I’ve been quiet for a lot of reasons over the past few months. I haven’t written a word for myself. For reasons most of you know, or can guess. Moving is hard, transition is hard, new jobs are hard, and so it goes.
But I will tell you this. In the midst of bearing up a loved one, I’ve been thinking about ashes.
About when you burn a life down, when the old is gone, and you are staring at the wreckage trying to make sense of the loss and the grief.
Truth be told, I don’t know what’s burning in your life. When Original Jaime died, on the heels of the loss of my first babe, I sat cross-legged in the flames and let it burn. The life I knew before, my cocoon of safety, was dust in the wind, slow turning in the draft as the embers faded. For my loved one, it’s a vision of what could have been crashing into what is, 4000 days or so of grief, regret, and lost time.
Did you know wood ash contains calcium, potassium, and a variety of trace minerals important for plant health? It’s also a component of homemade soap. Soaking ashes in water produces lye, which can be mixed with animal fat and then boiled to produce soap.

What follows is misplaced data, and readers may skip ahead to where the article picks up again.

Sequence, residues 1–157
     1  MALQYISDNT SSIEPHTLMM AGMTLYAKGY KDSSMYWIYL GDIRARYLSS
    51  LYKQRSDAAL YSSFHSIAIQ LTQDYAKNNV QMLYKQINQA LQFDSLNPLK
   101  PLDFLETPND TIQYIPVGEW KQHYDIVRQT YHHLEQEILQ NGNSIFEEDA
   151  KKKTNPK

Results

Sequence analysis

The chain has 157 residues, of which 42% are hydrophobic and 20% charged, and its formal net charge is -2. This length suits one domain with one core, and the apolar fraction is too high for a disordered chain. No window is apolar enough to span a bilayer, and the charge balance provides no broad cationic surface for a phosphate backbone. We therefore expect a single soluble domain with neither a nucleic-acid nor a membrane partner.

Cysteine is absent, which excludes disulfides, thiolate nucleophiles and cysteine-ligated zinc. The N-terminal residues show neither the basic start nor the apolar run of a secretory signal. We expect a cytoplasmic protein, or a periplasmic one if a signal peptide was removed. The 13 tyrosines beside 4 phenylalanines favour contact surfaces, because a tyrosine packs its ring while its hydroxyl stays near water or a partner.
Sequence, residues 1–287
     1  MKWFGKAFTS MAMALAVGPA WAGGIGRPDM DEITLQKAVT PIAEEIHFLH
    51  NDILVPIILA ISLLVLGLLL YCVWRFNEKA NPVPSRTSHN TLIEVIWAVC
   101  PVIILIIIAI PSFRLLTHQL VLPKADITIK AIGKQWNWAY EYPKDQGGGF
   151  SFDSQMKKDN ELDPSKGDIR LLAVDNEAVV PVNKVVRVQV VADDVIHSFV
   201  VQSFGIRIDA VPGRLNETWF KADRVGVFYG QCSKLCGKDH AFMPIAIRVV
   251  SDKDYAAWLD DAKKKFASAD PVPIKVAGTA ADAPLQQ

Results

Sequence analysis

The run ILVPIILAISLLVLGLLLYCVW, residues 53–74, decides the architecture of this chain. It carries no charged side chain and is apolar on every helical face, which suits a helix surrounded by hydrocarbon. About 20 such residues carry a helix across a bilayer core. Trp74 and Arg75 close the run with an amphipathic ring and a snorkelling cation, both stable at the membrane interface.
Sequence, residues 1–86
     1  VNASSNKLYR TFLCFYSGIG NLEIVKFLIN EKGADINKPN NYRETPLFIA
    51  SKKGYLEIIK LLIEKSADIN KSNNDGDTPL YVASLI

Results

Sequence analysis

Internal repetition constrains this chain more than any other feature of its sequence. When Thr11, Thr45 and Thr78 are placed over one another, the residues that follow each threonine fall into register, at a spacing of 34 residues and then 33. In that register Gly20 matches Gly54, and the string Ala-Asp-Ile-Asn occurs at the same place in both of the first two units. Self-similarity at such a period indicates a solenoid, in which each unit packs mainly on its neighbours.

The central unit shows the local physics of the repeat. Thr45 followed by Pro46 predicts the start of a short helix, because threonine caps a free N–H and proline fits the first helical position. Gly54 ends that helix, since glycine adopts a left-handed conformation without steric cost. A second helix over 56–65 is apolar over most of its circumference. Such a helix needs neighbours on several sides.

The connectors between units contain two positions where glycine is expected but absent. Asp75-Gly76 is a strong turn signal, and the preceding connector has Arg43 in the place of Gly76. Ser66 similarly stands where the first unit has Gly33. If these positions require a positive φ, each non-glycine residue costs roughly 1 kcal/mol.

Did you catch that? The leavings of your old life can help wash away the grime left by what was consumed. And there is still life there. There is food for new growth, for rebirth, for building a new life with the wreckage of the old. There is gold, too – the best parts of us still exist, refined by fire, fed by the ashes, and waiting to be transformed into a redemptive, shining picture of grace, grief, and hope. The elements of the original are there, recomposed, changed, redeemed. There is redemption, always.
I’ve said it before and I’ll say it again … I’m honest enough to admit that were the years ticked backwards, I would not choose the flame. The pain is a lingering thing, ghostly sometimes, but always there. I’ll never, ever, minimize what you, my dear friends, have sacrificed to the fire.
But I’ll always talk about the hope buried deep in the ashes.